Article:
> Another simpler approach, but not as efficient, is to iterate over /proc/$$/fd and close all
of the open file descriptors listed there.
I believe that this is a standard approach, and indeed one that udrepper advocates in other
cases. (Arguably a single-syscall approach would be cleaner, to avoid the dependency on
having /proc mounted at a well-known location, but it's hard for me to imagine that efficiency
is really an issue here -- it's not like reading /proc will hit the disk, so the overhead is
just a few extra syscall entries.) Certainly this is useful functionality to have.
But you seem to arguing that -- since we have this other useful functionality -- close-on-exec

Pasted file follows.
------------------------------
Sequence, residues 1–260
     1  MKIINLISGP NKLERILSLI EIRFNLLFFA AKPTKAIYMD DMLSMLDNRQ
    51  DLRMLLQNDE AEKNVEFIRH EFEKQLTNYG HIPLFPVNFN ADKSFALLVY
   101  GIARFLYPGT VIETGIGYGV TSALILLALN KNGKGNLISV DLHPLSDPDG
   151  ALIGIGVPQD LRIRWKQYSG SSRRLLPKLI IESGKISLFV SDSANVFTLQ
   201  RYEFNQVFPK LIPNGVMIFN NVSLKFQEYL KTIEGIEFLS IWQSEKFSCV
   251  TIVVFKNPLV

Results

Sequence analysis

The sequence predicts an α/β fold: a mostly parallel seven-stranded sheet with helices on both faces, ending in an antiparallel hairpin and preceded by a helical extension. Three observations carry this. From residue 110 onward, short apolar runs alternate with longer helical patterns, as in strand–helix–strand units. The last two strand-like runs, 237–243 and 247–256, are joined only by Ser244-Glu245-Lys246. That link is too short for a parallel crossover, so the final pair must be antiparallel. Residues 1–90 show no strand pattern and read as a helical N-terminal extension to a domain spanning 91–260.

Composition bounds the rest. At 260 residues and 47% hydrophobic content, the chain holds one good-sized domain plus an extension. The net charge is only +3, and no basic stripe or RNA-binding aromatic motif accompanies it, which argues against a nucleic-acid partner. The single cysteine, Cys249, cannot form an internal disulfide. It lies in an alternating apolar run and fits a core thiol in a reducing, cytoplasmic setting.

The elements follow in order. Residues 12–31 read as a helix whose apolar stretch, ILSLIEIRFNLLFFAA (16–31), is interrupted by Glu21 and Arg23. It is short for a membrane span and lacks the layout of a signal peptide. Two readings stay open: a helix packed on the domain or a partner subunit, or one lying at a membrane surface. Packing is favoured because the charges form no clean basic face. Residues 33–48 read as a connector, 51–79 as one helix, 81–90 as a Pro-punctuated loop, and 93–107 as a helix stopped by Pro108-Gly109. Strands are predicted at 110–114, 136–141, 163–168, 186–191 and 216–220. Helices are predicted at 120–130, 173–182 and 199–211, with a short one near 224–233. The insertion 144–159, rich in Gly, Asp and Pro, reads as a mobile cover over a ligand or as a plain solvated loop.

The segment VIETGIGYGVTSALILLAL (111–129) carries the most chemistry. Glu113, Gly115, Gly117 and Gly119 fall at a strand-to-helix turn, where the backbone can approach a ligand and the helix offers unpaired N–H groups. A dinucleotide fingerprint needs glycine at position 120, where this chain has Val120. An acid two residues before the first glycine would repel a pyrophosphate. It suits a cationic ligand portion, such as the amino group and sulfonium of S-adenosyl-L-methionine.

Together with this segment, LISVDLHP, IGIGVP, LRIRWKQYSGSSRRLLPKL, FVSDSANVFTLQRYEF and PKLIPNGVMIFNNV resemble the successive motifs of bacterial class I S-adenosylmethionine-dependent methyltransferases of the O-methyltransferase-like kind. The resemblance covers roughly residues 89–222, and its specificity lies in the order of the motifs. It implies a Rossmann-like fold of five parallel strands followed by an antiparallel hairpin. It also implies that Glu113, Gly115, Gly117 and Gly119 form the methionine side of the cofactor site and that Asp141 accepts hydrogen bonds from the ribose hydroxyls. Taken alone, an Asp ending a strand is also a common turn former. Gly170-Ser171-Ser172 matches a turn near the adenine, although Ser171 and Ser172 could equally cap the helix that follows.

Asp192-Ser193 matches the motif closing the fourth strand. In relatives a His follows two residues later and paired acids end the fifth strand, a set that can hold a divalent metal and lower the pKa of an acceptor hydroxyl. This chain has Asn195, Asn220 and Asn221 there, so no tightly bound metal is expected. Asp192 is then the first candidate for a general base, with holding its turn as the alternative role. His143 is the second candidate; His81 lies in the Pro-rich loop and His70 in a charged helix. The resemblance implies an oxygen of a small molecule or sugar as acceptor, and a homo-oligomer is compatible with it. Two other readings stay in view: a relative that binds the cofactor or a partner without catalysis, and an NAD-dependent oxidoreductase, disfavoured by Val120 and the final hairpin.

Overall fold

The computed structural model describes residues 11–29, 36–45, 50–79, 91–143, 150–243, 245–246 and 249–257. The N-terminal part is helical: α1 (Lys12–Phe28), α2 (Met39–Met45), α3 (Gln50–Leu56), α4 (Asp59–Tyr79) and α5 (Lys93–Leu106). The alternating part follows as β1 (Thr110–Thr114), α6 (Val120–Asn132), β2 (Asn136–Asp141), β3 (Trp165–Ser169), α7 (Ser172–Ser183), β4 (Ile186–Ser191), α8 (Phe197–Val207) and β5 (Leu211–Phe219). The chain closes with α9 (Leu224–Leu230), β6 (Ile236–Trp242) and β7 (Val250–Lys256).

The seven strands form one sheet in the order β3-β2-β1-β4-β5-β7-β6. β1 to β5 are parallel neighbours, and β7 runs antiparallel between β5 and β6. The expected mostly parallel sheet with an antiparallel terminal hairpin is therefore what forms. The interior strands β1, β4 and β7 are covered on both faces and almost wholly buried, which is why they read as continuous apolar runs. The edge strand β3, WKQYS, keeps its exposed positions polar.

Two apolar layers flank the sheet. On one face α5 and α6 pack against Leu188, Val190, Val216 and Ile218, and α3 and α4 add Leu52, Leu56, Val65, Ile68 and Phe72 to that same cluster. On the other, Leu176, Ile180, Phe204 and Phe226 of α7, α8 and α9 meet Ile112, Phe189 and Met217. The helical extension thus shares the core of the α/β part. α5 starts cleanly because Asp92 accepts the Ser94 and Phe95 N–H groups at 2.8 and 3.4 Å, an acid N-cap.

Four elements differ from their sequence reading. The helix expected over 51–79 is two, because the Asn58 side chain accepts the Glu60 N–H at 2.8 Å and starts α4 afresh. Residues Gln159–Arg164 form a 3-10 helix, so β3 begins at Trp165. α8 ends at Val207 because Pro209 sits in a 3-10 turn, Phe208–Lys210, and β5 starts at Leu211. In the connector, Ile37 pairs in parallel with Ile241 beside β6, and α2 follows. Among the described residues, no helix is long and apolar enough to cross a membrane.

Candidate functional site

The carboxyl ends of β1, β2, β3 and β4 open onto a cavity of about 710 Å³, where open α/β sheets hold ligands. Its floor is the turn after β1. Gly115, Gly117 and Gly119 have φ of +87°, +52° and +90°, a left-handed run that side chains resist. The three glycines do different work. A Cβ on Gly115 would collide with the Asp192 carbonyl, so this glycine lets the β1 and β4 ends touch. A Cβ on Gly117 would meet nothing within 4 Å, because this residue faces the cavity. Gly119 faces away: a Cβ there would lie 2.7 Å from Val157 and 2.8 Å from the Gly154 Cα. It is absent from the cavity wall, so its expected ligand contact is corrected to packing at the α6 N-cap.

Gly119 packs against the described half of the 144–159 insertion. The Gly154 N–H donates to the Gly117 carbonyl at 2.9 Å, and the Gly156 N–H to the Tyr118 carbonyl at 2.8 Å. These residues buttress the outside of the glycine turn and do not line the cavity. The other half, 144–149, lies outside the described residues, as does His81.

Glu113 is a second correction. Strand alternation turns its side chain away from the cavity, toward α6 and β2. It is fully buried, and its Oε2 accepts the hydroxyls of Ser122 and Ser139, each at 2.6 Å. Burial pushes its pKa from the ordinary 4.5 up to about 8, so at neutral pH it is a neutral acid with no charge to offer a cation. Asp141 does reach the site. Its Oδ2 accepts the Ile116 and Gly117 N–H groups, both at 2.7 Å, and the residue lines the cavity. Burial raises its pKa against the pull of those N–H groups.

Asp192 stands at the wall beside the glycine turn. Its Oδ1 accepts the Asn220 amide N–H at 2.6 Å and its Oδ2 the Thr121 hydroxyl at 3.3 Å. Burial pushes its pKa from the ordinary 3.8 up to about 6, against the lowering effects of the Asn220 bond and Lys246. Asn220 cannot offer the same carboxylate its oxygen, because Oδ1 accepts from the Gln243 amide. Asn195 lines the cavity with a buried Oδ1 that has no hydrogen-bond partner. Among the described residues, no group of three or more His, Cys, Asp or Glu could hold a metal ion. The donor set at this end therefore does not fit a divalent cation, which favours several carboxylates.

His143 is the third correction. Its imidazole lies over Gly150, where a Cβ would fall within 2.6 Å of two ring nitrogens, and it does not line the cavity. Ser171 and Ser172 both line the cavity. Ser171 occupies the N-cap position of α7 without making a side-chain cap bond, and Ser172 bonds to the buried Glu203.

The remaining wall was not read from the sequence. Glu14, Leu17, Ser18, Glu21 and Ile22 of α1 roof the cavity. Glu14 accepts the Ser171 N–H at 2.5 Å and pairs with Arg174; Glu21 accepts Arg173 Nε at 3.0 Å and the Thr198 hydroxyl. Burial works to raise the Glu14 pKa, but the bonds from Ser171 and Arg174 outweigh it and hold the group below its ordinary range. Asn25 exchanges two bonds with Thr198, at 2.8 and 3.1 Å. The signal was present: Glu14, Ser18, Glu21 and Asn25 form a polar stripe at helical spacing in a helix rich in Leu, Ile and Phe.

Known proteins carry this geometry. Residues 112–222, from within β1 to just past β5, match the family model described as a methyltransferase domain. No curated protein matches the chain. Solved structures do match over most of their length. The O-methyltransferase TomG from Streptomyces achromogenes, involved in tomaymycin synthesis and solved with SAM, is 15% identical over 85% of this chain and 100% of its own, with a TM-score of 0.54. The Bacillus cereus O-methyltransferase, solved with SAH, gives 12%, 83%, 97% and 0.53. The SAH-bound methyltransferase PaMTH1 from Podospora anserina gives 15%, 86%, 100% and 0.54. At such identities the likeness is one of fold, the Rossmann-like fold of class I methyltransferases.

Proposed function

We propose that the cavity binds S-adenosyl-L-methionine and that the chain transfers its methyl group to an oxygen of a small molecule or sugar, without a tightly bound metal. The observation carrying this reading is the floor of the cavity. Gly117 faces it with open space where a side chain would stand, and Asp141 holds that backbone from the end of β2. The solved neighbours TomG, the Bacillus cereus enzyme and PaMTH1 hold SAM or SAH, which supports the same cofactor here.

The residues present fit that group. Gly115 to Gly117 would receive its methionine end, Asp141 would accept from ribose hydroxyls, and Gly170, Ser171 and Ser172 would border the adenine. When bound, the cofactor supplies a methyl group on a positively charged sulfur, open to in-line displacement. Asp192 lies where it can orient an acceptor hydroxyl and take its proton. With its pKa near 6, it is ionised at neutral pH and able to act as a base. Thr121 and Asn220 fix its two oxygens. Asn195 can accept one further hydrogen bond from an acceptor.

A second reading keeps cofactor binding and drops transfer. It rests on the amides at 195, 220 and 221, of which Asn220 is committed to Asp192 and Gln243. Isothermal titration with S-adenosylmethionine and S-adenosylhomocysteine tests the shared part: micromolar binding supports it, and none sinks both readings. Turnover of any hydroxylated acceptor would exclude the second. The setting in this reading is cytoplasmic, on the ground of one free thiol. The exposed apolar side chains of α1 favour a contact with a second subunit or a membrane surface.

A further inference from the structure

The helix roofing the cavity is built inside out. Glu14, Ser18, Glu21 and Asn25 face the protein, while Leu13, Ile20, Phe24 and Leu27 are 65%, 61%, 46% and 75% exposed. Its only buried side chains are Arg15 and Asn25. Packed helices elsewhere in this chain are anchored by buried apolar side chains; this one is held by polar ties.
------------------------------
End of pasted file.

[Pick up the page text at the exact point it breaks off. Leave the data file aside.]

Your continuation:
becomes a useless feature that would be better to ignore than to fix, while I would tend to
think that working close-on-exec and efficient closefrom are both valuable. It would be
easier to evaluate your argument if you addressed this point directly. The nominal benefit of
close-on-exec is that it allows locality of control -- the code that creates the fd is (often)
the code that is best prepared to know whether it should be kept local to the process or not.
If you don't have close-on-exec, then working out *which* descriptors should remain open and
which should remain closed requires long-distance coupling between the fork/exec code and all
code which creates file descriptors. Do you disagree?